Overexposure and oversharing have been accepted as default settings in the modern era, so any glimmer of cryptic mystery are welcome anomalies. Sym Fera are a new duo that reside in Los Angeles and…. well, that’s about all anyone knows so far. Their social media platforms extol moody aesthetics over identity — think lots of shadows — as the pair recently released their second single “Little Things” after last year’s intriguing opening shot “Darkness Visible” earned justifiable comparisons to James Blake and peak-downer Thom Yorke.
On “Little Things,” one of the year’s best slow burns, the duo inadvertently soundtrack the climax to every drama, crime film or action chase scene, pairing gradual yet heavy piano melodies with Jeff Buckley-conjuring vocals. In the accompanying cryptic clip, the duo juxtapose slow pans on black-and-white frames with quick, frenetic edits. A little girl’s eye contains a single tear. A nervous man points a gun. A man straightens his cufflinks. It’s the love child of Ken Burns and Quentin Tarantino that deftly augments the visceral track.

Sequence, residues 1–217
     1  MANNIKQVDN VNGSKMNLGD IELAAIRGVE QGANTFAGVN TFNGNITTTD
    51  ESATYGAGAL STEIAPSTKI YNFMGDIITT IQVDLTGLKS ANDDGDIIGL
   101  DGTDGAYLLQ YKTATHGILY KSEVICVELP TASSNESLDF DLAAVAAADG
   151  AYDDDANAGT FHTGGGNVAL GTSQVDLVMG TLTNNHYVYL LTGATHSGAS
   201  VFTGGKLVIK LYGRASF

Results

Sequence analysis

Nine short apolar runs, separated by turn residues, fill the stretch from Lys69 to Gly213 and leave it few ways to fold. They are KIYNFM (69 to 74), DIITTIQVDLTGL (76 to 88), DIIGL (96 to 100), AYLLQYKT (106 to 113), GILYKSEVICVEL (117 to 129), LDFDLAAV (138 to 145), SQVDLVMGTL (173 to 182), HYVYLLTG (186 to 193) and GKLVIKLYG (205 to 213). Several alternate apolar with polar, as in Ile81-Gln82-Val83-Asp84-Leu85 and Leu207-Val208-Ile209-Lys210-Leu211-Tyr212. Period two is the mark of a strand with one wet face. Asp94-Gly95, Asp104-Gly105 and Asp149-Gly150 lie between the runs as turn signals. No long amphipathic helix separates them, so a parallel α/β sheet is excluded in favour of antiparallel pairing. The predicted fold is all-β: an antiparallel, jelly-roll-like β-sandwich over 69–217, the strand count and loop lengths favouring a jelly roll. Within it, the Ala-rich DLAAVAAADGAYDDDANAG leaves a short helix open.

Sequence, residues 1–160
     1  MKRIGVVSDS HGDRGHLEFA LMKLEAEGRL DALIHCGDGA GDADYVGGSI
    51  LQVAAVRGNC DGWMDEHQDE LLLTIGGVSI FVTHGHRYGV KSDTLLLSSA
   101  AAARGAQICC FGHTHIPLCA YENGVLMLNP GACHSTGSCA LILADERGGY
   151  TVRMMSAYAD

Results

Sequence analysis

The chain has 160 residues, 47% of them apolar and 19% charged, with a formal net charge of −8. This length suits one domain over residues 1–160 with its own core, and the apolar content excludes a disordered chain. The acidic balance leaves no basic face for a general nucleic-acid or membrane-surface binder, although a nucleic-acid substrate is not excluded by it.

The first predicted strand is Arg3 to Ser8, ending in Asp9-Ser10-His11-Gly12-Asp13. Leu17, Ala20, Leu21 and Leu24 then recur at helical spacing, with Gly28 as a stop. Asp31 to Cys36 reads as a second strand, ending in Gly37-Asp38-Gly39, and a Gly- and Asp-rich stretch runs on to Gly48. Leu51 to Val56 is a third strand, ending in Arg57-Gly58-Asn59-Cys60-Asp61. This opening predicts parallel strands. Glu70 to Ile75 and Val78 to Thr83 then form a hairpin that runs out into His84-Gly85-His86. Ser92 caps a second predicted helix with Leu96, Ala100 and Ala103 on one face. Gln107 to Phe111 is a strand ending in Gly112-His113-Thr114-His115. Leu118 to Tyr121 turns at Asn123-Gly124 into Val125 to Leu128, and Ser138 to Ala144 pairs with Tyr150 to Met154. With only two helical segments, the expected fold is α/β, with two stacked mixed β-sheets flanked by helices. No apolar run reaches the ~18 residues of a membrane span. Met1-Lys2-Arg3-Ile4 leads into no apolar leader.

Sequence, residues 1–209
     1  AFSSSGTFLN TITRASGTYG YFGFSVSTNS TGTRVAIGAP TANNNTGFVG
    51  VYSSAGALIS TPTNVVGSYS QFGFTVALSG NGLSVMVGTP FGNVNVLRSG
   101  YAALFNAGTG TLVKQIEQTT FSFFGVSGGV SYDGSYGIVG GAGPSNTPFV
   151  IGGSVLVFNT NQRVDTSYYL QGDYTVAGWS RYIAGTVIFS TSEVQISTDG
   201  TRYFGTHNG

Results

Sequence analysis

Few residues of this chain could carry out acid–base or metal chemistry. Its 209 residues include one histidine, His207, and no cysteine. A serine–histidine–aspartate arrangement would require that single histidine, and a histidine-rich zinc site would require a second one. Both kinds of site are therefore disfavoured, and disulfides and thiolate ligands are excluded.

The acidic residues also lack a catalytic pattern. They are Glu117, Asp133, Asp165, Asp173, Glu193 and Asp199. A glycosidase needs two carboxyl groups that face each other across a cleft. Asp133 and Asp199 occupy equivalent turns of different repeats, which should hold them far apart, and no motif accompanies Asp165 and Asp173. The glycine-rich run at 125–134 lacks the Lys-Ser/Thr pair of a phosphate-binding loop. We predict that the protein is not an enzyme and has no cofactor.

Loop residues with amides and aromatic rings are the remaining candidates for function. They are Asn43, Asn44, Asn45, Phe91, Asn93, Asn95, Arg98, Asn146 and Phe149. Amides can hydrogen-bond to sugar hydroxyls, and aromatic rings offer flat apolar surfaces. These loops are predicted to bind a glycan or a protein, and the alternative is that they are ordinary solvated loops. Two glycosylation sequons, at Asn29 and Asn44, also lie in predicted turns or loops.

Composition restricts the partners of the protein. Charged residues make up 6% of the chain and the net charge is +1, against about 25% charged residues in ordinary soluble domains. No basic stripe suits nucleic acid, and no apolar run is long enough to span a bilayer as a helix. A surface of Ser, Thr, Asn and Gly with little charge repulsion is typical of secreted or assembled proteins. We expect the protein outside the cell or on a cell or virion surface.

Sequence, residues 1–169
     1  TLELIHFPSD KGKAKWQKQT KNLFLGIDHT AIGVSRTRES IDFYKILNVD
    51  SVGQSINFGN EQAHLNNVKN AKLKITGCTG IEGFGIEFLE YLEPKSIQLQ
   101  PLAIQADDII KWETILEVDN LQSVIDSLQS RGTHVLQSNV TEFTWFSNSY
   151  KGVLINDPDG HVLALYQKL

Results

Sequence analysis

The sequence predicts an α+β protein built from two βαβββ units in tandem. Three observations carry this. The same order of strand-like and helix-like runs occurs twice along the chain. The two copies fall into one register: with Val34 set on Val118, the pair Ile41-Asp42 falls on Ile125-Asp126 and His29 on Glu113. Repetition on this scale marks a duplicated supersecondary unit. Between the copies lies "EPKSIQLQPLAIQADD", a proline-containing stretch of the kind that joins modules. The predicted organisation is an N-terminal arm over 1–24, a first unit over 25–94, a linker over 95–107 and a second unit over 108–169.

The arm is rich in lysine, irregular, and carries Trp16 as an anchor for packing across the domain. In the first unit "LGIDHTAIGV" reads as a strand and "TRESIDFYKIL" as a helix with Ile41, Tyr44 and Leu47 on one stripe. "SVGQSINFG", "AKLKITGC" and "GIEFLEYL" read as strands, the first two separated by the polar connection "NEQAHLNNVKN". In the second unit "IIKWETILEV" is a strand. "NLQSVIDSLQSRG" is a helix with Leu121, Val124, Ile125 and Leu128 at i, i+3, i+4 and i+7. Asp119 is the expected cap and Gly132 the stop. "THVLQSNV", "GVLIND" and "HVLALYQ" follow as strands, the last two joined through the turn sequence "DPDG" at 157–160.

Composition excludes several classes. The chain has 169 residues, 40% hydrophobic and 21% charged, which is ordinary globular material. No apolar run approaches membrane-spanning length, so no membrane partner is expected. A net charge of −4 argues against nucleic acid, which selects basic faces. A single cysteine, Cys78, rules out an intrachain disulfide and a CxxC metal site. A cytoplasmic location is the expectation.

“‘Little Things’ is about corruption, specifically about how corruption of the individual can lead to corruption of the state and the globe,” the duo tell Rolling Stone. “It matters what kinds of people are granted great power, so the video is a collage of one powerful man’s memories and fantasies as he goes about his morning routine getting dressed. These private mental moments reveal much about who he really is, and yet they are always by definition inaccessible to everyone with which he interacts, and over which he exerts influence.”
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